As Mother’s Day looms like a spectre for those who are mothering challenged, I offer this encouragement…
It pops up once a year, just when you’re planning your Memorial Day bash: Mother’s Day. It’s joyful for many, inconvenient for others, but let’s admit, it’s downright awkward for those of us who squirm in front of the Hallmark racks, searching for the one card that will serve the purpose without compromising our souls, not to mention our wallets. According to the National Retail Federation, consumers will spend $15.8 billion on Mother’s Day this year, with an average expenditure of $138.63.
This was not exactly what Anna Jarvis of West Virginia had in mind back in 1914, when she won her campaign to make observation of Mother’s Day a National holiday. By the 1920s, Anna had grown weary of the blatant commercialization that had hijacked her idea, when all she really wanted was to honor her own mother and remind us all to show our mothers appreciation for their “truth, purity and broad charity of mother love.” What she intended to be a holy day honoring mothers and all they do and sacrifice for their children was quickly seized as a ripe opportunity for retailers, florists, and candy makers to cash in on a glorious windfall.
Alas, poor Anna did not thoroughly research her project, or she might have foreseen the impending calamity. This was not the first time in history an attempt to honor motherhood has been hijacked.
Festivals celebrating motherhood have been popular throughout the centuries. The Ancient Romans celebrated for several days at the vernal equinox, in honor of the mother goddess Cybele. After a day of fasting and a day of sacrifice, Sanguis, the day of blood (scourging, whipping and castration) was followed by Hilaira, the day of joy. After that came a much-needed day of rest, followed by a day to clean up the blood, beer bottles and empty pizza boxes. I’m not sure how any of this honors our mothers, except by cleaning up our own mess afterward, but as a mother, I might just as well have enjoyed the card and a box of Godivas.
By the sixteenth century, Christianity was the order of the day, and the Roman Empire gave up its bloody mother’s day celebration for a more useful day of worship. The Church swapped the celebration of the vernal equinox in the middle of March for honoring the Virgin Mary on fourth Sunday of Lent. Believers made reverent trips back to their church of origin, their Mother church. This practice came to be known as going “a-mothering.” Non-believers must have gone “a-fishing,” although it wasn’t popular at the time to be a non-believer. (If you were, you didn’t spread that information around.)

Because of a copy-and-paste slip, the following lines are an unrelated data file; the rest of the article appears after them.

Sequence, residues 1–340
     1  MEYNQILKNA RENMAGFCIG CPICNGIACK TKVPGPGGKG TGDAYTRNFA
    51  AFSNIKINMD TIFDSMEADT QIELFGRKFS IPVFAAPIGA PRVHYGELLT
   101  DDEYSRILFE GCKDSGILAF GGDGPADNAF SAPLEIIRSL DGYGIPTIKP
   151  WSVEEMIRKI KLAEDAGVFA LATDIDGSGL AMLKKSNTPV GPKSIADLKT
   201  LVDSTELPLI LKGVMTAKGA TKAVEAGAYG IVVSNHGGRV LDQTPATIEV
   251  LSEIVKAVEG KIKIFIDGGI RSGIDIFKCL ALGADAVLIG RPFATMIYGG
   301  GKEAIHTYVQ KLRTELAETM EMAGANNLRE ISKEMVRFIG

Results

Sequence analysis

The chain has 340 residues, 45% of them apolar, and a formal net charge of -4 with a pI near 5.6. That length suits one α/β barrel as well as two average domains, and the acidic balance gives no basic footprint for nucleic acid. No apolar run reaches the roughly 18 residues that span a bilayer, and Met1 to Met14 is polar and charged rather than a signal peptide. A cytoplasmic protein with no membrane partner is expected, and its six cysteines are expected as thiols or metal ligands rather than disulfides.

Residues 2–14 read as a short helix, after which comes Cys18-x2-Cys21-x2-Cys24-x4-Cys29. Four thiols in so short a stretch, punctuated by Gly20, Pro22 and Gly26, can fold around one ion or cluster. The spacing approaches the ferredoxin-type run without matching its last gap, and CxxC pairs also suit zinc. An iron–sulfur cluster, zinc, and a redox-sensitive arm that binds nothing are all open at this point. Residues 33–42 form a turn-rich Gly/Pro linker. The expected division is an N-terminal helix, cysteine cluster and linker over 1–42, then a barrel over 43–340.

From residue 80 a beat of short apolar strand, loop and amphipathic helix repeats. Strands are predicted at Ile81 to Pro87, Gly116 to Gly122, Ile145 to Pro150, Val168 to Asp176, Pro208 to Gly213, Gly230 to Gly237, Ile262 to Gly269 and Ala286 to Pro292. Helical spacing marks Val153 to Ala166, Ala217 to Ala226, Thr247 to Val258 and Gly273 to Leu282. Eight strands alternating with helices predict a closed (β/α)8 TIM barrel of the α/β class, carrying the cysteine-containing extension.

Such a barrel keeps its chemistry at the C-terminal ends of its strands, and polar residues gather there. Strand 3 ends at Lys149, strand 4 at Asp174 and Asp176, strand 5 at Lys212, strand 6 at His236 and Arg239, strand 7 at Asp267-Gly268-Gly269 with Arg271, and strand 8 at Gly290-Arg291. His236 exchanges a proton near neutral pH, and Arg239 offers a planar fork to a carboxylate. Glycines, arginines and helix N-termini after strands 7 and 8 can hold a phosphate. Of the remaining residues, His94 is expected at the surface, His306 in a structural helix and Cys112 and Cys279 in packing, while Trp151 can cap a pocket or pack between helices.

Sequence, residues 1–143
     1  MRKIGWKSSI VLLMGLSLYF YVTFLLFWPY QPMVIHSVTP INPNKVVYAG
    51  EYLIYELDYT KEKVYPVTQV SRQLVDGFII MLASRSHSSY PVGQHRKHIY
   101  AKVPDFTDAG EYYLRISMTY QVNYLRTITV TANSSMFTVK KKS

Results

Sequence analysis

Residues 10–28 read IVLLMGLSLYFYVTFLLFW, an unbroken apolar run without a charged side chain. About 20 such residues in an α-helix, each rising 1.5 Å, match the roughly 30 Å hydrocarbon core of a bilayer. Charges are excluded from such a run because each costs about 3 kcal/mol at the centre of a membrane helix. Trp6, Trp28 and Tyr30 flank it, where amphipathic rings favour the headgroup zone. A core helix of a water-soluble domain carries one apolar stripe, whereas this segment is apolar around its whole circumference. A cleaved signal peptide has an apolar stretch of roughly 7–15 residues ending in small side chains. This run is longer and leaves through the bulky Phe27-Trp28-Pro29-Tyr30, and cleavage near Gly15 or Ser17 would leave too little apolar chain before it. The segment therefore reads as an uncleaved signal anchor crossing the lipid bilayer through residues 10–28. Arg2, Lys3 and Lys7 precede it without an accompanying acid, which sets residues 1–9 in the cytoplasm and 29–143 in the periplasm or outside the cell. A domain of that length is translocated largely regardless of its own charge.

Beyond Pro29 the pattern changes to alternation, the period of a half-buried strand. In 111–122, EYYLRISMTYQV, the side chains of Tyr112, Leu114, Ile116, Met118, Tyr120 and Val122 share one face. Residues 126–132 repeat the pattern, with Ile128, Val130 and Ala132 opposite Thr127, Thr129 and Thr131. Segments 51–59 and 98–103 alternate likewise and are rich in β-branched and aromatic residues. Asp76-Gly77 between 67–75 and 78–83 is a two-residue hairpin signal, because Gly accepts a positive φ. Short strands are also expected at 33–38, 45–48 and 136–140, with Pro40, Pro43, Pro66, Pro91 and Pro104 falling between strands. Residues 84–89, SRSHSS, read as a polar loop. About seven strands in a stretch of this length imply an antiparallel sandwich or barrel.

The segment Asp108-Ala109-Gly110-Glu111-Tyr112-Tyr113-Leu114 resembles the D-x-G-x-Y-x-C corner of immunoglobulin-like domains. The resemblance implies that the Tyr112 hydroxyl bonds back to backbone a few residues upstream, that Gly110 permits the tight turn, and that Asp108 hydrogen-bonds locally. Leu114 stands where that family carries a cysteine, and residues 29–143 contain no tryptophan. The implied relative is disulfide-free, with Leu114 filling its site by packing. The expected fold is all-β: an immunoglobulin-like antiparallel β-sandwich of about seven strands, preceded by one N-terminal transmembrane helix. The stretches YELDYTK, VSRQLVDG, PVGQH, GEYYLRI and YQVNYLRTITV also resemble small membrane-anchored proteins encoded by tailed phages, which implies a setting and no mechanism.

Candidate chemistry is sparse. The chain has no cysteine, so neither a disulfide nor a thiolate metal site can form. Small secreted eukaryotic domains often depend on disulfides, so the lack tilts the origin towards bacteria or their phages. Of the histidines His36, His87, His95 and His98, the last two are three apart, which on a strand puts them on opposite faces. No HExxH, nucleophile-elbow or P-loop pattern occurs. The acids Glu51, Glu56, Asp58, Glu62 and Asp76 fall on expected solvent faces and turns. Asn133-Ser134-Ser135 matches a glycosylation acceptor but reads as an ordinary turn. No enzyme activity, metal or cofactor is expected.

It wasn’t until the 19th century that “Mothering Day,” celebrated more or less regularly the second week of May, morphed into what we know today as “Mother’s Day,” a retail bonanza only surpassed by Halloween and Christmas. Which brings me back to my original position in front of the Hallmark rack. If I were tasked to buy each of my various mothers a card, I would be in the proverbial deep doo-doo.
My parents divorced when I was around two years old. My mother traded up from a swab jockey, my father returned from the Pacific, to a slick-dressing purchasing agent where she worked. I was dropped into the fifties when parents slept in twin beds and no one — no one — got divorced unless they were movie stars, misfits, or madmen. Fortunately for me, my grandmother was there with a wide lap, loving arms, and an Irish woman’s ire to set me on the path and the strength of character to keep me there. We kept up appearances, but everyone knew, shhhh, she lives with her grandma because…her parents are… divorced.
At the time, I was oblivious to the scandal. In fact, I felt kind of special going to visit my mother on the third Sunday of the month. During those times, she gave me what wisdom she could muster, like “never squint into the sun, it makes wrinkles” and “put your bouffant to bed on a silk pillow case.” As well as, “never drink martinis on an empty stomach.”